A partnership of singularities

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Back in the brutal old days of rampant patriarchy, women who made art often gave it up after they married an artist. Gradually, though, this gruesome tradition has been overturned. Even if their partners enjoy immense reputations, women today would never dream of abandoning their own art and lapsing into uncomplaining domesticity.

Sheila Girling is just such a painter. Although married to Anthony Caro since 1949, when they met as fellow students at the Royal Academy Schools, she has succeeded in pursuing her own independent career. Both her parents were artists, and their example may well have helped to sustain her own momentum. So has her marriage. To this day, Girling’s north London studio is very close to her husband’s far larger premises, and they are nourished by criticising each other’s work-in-progress.

But they usually exhibit separately, as if to underline their own identities. Girling’s most recent solo show was held last year in Valencia, and Tate Britain’s retrospective survey of Caro’s prolific career (an exhibition dedicated to his wife) was staged a year earlier. Maybe that is why they have now agreed, for the first time in a decade, to display their work together. The invitation came from the New Art Centre at Roche Court, near Salisbury. And it turns out to be an ideal setting for both artists. Caro is exhibiting “Flats”, a major sequence of steel sculptures scattered with well-judged panache across the expansive grounds. And Girling’s paintings are installed in the gallery adjoining the house, where they can be seen close-to as well as from a distance through the glass walls.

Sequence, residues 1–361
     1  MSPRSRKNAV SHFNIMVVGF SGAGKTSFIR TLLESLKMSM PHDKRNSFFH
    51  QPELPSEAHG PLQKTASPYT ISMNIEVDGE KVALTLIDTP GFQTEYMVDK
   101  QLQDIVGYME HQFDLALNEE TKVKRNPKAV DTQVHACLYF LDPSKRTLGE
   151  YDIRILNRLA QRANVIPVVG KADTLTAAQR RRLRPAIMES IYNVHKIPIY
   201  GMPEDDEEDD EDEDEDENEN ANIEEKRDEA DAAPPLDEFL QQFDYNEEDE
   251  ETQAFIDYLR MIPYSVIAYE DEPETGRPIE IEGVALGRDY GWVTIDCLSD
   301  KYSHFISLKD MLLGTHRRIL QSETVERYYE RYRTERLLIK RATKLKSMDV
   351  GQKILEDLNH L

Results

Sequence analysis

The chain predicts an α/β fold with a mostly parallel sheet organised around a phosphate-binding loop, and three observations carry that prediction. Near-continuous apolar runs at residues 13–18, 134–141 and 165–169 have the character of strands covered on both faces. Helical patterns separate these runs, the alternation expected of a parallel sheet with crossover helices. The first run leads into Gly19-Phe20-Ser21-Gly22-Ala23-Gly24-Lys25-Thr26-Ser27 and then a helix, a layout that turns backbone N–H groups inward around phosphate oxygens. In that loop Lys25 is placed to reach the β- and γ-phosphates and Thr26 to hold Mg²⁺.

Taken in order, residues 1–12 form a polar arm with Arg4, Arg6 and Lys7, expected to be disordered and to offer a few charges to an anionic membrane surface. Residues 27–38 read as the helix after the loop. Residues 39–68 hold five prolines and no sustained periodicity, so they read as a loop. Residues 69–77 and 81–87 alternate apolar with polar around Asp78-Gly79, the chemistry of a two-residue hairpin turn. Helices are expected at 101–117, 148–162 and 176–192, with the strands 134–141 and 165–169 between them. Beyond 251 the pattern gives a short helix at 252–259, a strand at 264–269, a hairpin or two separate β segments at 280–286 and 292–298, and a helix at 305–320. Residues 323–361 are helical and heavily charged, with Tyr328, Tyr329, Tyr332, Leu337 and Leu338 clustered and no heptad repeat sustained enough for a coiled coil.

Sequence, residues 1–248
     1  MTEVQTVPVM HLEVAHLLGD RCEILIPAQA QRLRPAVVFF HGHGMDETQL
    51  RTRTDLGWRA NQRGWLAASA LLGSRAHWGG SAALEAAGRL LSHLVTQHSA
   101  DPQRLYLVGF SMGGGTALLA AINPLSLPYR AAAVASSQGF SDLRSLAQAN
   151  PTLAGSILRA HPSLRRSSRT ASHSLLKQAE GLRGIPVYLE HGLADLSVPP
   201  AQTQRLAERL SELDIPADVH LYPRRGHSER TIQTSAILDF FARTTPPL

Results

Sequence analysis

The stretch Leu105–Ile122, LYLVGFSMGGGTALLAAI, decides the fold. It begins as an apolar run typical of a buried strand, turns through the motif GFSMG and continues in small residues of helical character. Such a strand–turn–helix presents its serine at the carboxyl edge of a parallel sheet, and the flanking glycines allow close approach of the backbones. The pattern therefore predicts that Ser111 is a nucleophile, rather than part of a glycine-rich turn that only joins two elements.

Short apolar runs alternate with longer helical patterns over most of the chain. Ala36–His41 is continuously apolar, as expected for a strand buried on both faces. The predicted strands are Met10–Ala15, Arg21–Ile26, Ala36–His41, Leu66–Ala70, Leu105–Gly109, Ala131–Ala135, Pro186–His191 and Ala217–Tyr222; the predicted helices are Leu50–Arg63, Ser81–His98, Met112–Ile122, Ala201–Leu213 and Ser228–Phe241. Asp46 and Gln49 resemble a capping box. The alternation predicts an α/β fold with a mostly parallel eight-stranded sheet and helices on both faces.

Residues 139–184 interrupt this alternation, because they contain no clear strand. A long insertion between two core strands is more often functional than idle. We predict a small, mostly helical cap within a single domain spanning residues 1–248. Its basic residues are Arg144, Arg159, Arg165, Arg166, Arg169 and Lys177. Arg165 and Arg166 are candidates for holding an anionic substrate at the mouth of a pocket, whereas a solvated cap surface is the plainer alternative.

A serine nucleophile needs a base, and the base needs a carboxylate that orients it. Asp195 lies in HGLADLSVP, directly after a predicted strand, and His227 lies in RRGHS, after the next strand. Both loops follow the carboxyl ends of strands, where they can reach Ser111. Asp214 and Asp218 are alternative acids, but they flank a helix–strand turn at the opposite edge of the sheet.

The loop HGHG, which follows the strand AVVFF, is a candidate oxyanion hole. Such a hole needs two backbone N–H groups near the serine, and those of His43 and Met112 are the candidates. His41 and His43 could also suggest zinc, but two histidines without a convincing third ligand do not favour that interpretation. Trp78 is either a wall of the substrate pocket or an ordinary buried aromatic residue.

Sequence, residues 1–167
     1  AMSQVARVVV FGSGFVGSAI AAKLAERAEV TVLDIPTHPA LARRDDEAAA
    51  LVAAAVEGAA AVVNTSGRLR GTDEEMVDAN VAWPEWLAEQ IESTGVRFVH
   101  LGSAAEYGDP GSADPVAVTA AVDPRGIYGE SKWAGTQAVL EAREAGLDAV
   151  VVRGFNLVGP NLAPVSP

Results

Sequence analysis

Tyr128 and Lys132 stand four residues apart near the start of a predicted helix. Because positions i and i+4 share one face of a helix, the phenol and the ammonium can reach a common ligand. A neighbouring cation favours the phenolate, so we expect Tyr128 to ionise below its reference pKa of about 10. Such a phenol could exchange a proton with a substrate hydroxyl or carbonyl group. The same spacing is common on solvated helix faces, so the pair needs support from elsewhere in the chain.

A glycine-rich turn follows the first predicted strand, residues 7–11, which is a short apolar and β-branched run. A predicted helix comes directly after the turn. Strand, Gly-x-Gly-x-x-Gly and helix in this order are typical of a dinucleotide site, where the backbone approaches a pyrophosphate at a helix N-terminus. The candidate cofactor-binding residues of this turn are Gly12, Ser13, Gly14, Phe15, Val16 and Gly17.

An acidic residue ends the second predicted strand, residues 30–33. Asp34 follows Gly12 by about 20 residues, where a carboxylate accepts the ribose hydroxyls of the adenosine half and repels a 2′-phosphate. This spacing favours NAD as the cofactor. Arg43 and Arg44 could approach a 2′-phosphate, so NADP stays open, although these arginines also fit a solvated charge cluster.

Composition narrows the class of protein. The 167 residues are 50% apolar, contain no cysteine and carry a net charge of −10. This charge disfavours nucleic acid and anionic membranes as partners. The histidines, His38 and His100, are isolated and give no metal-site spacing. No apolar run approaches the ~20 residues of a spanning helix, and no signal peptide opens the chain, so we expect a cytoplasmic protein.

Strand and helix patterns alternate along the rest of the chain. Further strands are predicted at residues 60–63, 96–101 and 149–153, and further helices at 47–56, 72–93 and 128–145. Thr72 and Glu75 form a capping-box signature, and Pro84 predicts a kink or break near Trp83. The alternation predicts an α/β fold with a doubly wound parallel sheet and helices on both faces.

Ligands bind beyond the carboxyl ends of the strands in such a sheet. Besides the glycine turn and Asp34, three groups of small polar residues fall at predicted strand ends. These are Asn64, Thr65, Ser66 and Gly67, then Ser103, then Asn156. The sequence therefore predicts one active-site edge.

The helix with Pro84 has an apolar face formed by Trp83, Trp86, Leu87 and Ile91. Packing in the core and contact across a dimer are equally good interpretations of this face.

At first, the impact of these shows stresses their singularity as artists. Girling’s work, relying on a freely executed combination of acrylic and collage, seems to rejoice above all in the sensuousness of colour. But Caro’s pieces are restricted to the dour texture of rusted steel, far more sober in feeling than his painted metal work which revolutionised British sculpture during the 1960s. Unafraid of brightness, and impelled by his openly declared need to “make it look fresh and new”, Caro was then at his most exuberant. Even the largest pieces seemed strangely weightless, so by the time he began making the “Flats” series in 1974 Caro felt ready for a change. Working now at the York Steel Company in Toronto, he started bending, slicing, welding and bolting sheets of steel far heavier and thicker than the material deployed in his previous sculpture. The mobile cranes and other handling equipment at York Steel were a revelation, encouraging him to develop a more spontaneous way of working. He spent no more than four days on even the largest of these titanic pieces, and his sense of dynamism can still be felt in the 12 sculptures now asserting their presence at the New Art Centre.